While little is known about the chemistry of the indoor atmosphere, a surprising diversity of organic molecules are present. This diversity includes structural isomers – molecules with shared elemental composition – i.e. same number of carbon, hydrogen, oxygen, etc. atoms – but with different arrangements of those atoms. These structural and subsequent energetic differences of the molecules affect their capacity to participate in chemical reactions. For example, limonene has two double bonds, while alpha-pinene has only one – the resulting oxidation kinetics and SOA yields of these two monoterpenes (C10H16) upon reaction with NO3, OH or O3 are thus different. However, fast, sensitive and quantitative measurements of isomeric structures are not currently available. We aim to develop a mass spectrometer that will isomerically resolve and quantify molecules by taking advantage of differences in the thermodynamics of ion-molecule reactions in chemical ionization mass spectrometers. Coupled with chemical ionization and calibrations of target species, this approach aims to provide a broadly applicable technique of resolving organic isomers in the indoor environment. We will test the instrument in a field project focused on investigating links between indoor air composition and infiltration. The residence-based measurement campaign is designed to address two scientific knowledge gaps: 1) how chemical properties of gases (and particles) change as they infiltrate across the residential built environmental envelope, and 2) how organic molecules in outdoor air contribute to the composition of indoor air.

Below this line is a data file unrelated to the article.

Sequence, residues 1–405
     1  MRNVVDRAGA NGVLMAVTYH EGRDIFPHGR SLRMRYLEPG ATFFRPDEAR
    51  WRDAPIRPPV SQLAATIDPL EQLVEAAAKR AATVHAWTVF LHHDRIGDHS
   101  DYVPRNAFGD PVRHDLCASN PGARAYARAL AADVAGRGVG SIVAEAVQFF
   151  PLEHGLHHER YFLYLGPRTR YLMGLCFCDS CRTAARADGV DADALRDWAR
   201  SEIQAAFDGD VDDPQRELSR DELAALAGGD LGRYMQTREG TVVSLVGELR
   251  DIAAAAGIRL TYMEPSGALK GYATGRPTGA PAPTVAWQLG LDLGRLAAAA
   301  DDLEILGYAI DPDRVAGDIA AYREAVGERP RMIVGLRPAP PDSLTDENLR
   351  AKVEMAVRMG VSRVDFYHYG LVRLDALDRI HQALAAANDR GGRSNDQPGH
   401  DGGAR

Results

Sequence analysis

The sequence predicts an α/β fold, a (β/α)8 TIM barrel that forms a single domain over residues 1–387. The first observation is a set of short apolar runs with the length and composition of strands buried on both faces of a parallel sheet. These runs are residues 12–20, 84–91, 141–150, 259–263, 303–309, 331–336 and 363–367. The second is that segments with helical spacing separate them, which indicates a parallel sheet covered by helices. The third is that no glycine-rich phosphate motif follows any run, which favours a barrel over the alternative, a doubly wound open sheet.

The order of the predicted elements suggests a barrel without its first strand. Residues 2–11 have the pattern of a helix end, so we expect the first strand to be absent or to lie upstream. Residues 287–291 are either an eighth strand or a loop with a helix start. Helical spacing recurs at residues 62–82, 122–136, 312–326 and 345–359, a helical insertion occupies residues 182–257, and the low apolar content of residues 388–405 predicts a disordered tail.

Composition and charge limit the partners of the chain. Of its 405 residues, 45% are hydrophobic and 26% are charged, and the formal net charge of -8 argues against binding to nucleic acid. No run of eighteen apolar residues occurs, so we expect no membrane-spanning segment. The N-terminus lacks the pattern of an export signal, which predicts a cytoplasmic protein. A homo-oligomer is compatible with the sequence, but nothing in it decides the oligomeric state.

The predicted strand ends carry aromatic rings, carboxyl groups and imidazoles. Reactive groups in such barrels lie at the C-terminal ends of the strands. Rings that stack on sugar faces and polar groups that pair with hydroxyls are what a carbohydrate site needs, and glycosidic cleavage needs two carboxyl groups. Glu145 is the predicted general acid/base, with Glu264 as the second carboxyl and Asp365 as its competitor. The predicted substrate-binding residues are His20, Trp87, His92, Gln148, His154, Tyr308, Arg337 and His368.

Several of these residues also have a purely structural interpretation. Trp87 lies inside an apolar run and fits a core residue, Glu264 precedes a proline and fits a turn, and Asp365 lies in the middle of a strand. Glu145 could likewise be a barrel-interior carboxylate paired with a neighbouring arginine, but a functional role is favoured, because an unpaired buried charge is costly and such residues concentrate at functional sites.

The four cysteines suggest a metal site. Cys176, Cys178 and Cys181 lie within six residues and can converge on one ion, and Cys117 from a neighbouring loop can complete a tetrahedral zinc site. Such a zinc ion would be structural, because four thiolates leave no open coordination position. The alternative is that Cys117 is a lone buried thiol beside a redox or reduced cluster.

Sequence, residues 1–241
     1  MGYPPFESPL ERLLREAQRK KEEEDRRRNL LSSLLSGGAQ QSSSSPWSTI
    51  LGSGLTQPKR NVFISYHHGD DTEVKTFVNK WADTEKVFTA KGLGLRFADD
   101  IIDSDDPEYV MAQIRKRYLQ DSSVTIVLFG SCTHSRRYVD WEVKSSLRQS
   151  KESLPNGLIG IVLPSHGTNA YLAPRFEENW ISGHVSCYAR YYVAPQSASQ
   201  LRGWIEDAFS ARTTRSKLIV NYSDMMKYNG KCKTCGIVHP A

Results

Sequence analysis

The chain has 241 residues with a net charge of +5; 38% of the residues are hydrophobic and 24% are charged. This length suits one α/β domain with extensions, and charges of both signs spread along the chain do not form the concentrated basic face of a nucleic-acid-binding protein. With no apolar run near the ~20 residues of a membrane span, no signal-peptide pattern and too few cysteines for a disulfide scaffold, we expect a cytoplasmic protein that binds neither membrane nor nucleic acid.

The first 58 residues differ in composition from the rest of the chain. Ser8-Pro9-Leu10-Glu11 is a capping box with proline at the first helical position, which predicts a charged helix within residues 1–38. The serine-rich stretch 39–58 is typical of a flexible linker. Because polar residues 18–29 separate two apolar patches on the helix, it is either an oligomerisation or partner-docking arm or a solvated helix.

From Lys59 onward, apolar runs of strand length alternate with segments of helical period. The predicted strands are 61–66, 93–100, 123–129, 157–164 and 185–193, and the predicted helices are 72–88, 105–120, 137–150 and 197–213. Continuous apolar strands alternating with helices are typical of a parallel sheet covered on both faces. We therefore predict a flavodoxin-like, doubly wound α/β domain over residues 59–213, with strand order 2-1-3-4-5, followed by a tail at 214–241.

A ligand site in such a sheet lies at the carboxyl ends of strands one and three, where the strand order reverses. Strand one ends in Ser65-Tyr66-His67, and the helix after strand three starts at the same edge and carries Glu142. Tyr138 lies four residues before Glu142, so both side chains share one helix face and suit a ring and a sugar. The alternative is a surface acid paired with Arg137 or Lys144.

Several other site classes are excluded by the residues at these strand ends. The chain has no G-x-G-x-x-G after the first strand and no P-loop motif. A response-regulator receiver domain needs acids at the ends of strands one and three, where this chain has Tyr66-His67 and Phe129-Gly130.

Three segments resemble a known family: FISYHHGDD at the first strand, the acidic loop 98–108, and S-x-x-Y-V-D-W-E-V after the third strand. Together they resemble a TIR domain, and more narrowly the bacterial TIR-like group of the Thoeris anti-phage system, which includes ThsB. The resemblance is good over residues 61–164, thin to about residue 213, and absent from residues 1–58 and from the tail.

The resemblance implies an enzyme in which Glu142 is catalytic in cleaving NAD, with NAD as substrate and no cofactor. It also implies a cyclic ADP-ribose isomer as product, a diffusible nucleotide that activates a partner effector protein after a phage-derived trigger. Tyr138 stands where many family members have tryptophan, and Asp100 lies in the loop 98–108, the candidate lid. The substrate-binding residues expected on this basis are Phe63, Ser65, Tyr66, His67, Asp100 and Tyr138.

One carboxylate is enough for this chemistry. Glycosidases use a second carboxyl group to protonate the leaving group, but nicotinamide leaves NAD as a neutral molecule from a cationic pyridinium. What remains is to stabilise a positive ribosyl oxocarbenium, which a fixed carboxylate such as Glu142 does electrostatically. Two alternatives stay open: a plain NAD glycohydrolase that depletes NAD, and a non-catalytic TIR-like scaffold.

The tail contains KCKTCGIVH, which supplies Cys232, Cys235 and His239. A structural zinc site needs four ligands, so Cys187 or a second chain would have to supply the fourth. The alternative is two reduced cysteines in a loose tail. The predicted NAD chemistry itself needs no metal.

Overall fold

Principal Investigators: Delphine Farmer and Ellison Carter
Year Awarded: 2018
Institution: Colorado State University